Pratap Bhawan Cuisine: Bringing age-old family recipes to the fore

BRINGING AGE OLD FAMILY RECIPES TO THE FORE
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There is no denying that the Covid-19 pandemic-induced lockdown led to a steep rise in the number of home kitchens across the country. And Jaipur followed suit with an array of home bakers and home chefs starting their own kitchens and bakery lines. One such home kitchen, Pratap Bhawan Cuisine, took the opportunity to bring to the fore exquisite home-cooked Rajasthani cuisine using traditional recipes that have been passed down from generations yet perfectly suit modern tastes and palate.

Started by Himanshu Rathore and his wife Deepti, the kitchen is an ode to the culinary prowess of Himanshu’s mother as well as the traditional cooking techniques and age-old recipes of their family hailing from Chomu and Nimaj in Rajasthan. It is worth noting that Himanshu, who was formerly a naturalist by profession, has been running Pratap Bhawan as a popular homestay in Jaipur for a decade now.  

Founders of Pratap Bhawan Cuisine
Deepti and Himanshu Rathore

Talking about his love for food and fondness for cooking, Himanshu says: “I have always loved eating and my mother, Jaikirti was a great cook. We hosted a lot of house parties and our food was always hugely appreciated by the guests. As a child, I used to watch my mother and my maternal grandfather cook and I was always curious to learn cooking. I learned some recipes from my Nanosa and at the age of 12 I cooked my first dish, Kachri Murgh. However, I mastered most of the cooking from my mother’s recipes.”


Kachhi Haldi Ka Maas

Reminiscing about his youth and his days at the Mayo College boarding school in Ajmer, Himanshu adds: “I was the only one in my entire batch who knew how to cook chicken and mutton in class ten. And as a result, my friends and seniors wanted me to cook at all the parties. Then when I went to college we used to have big house parties and I was always the chef.” It is safe to say that Himanshu’s family, friends and even acquaintances were well aware of his cooking skills even before he started his home kitchen.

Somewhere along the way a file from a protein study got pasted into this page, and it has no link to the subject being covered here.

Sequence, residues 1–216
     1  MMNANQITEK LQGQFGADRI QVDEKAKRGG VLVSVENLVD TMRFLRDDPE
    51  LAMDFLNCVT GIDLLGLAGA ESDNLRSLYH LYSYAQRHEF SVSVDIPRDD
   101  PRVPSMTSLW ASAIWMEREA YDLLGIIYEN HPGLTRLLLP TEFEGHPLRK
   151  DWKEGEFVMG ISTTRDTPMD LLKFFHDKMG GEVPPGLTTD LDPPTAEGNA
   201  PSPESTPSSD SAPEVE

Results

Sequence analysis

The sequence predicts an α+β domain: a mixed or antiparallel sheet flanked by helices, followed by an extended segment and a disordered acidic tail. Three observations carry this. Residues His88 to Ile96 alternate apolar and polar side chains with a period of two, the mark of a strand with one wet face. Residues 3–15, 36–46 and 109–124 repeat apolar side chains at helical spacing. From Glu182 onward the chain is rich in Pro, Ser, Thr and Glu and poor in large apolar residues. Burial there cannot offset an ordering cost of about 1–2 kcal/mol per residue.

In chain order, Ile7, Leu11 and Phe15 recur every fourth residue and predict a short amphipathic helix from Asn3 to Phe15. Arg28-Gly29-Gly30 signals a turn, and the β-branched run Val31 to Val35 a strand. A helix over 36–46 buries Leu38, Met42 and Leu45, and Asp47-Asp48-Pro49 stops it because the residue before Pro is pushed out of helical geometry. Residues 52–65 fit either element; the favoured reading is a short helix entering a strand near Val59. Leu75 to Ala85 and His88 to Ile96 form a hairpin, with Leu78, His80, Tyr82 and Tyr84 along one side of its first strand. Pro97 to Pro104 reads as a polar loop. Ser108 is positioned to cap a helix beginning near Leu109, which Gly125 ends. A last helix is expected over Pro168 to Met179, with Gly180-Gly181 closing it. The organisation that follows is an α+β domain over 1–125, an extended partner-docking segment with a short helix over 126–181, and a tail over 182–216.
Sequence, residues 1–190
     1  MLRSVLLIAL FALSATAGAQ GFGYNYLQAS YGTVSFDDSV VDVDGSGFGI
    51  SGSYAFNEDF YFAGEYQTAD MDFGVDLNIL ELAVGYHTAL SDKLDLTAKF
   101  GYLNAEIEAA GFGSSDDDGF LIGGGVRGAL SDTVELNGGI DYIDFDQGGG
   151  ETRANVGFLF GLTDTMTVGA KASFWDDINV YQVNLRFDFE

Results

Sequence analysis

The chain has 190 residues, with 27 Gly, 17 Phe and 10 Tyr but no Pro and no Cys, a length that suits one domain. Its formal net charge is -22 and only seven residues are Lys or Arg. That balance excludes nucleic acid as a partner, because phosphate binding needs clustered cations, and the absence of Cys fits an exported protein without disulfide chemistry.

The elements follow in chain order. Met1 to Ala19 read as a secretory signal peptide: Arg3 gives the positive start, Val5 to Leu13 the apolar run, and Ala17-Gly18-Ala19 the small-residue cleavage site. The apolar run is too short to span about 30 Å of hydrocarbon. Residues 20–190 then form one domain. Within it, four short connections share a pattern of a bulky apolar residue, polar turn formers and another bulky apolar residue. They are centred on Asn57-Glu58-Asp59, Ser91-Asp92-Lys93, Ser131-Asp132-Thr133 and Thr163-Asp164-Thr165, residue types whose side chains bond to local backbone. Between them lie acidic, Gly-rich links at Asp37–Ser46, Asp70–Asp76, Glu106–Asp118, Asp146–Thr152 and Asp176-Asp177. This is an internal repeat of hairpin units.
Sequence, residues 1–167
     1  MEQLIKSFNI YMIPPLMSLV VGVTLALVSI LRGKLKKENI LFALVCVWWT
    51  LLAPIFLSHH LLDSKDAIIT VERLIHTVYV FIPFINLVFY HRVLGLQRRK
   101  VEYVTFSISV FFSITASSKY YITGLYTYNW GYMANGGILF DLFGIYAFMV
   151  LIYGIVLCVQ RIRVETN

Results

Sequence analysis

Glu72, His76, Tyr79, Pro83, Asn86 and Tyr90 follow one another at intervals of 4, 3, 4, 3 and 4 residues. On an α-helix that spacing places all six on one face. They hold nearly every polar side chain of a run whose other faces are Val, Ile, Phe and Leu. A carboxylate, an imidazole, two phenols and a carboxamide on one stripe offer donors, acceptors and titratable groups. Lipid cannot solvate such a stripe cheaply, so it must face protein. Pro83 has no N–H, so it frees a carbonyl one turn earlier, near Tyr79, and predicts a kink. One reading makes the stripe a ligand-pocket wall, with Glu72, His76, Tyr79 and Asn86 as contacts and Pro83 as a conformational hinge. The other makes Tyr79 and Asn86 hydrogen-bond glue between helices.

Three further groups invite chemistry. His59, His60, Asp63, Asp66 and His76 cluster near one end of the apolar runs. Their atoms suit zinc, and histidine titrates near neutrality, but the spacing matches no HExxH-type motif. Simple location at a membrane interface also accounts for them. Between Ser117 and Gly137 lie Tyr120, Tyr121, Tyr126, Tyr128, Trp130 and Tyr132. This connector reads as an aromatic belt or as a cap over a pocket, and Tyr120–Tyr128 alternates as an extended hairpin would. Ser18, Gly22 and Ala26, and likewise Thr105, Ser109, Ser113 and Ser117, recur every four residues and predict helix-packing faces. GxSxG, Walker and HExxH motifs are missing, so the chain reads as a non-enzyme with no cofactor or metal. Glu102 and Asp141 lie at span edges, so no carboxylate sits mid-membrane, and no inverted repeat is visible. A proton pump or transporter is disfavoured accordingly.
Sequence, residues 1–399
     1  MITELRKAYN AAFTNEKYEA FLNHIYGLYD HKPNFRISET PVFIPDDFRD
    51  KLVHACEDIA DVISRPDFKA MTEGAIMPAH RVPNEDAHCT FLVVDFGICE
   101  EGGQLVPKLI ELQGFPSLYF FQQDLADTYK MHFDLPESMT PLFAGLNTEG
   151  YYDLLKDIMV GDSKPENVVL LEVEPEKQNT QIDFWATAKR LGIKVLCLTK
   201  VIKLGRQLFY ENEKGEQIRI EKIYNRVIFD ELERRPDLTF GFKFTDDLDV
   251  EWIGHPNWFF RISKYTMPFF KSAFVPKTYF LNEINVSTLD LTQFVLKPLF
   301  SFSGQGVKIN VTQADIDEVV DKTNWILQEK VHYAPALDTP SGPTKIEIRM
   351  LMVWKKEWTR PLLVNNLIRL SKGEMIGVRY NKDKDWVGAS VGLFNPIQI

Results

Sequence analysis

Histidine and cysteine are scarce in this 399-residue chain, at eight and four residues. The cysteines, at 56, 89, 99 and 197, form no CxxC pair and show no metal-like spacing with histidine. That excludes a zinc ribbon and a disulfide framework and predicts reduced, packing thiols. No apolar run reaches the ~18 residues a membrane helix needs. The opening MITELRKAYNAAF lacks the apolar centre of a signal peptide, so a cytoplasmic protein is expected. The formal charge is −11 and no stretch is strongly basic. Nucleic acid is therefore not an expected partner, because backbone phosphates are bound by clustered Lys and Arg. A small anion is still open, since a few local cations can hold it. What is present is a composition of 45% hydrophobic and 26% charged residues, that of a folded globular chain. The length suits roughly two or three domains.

Himanshu’s friends often suggested that he should open a restaurant but he was never in favour of this idea. “I knew hired cooks will not be able to replicate our family’s recipes. But when lockdown happened and I saw that some people are opening home kitchens, the idea immediately struck a chord with me. Along with my wife Deepti, I started a kitchen with mutton and chicken pickles and shaami kebabs on offer”, tells the avid cook.

Pickles of Pratap Bhawan Cuisine
Murgh Achaar and Maas Achaar

Though the kitchen received a great response, there was a persistent demand for main course dishes like Laal Maas. This eventually paved the way for sumptuous additions to the menu. ‘Khadh Maas’, which is essentially curry cut mutton marinated in spices, kachri and yoghurt and wrapped in 9 rotis with ladles of ghee and baked to perfection, is one of the specials on the menu. Another delicacy on the menu is the ‘Bhunwa Maas’ – succulent mutton cooked with brown onions, dry masalas, yoghurt and fresh coriander. For roll lovers, chicken and mutton kebabs wrapped in egg parathas and flavoured with mint chutney and onions make for a delectable treat. The mutton and chicken pickles are also another unique item on the menu. With a shelf life of two months, they are being shipped across the country.


Khadh Murgh


Talking about what makes his cuisine stand out from the crowd, Himanshu says: “The unique part about our cuisine is that all the recipes are our own creations which are either passed down across generations or are crafted by me. Furthermore, I do the entire cooking on my own and the staff only helps me in the process. These two things definitely make our food stand out.”

While Pratap Bhawan has already been organizing culinary experiences like cooking classes and home dining for tourists for the past many years, they now also cater for small parties and events. Since the food is made fresh on order, pre-ordering a few hours in advance is mandatory.

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Tusharika Singh

Long texts over calls | Food, music and books over people | Chai over everything else | Statutory Warning: Allergic to morons

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